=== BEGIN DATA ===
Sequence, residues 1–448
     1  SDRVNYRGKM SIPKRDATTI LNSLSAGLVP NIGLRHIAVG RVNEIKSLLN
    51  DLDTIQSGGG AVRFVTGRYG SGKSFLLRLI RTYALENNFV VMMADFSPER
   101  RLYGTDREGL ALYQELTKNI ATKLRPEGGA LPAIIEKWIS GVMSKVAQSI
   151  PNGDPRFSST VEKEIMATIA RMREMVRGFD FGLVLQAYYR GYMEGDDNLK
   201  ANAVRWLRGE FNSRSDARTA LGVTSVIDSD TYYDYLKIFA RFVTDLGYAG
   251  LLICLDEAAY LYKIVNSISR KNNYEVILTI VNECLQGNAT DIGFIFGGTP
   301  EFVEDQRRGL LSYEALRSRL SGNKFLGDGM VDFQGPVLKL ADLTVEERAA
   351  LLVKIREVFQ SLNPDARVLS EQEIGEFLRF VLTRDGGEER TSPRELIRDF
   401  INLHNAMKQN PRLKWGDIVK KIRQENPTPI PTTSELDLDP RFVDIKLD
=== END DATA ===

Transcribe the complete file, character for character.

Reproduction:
Sequence, residues 1–448
     1  SDRVNYRGKM SIPKRDATTI LNSLSAGLVP NIGLRHIAVG RVNEIKSLLN
    51  DLDTIQSGGG AVRFVTGRYG SGKSFLLRLI RTYALENNFV VMMADFSPER
   101  RLYGTDREGL ALYQELTKNI ATKLRPEGGA LPAIIEKWIS GVMSKVAQSI
   151  PNGDPRFSST VEKEIMATIA RMREMVRGFD FGLVLQAYYR GYMEGDDNLK
   201  ANAVRWLRGE FNSRSDARTA LGVTSVIDSD TYYDYLKIFA RFVTDLGYAG
   251  LLICLDEAAY LYKIVNSISR KNNYEVILTI VNECLQGNAT DIGFIFGGTP
   301  EFVEDQRRGL LSYEALRSRL SGNKFLGDGM VDFQGPVLKL ADLTVEERAA
   351  LLVKIREVFQ SLNPDARVLS EQEIGEFLRF VLTRDGGEER TSPRELIRDF
   401  INLHNAMKQN PRLKWGDIVK KIRQENPTPI PTTSELDLDP RFVDIKLD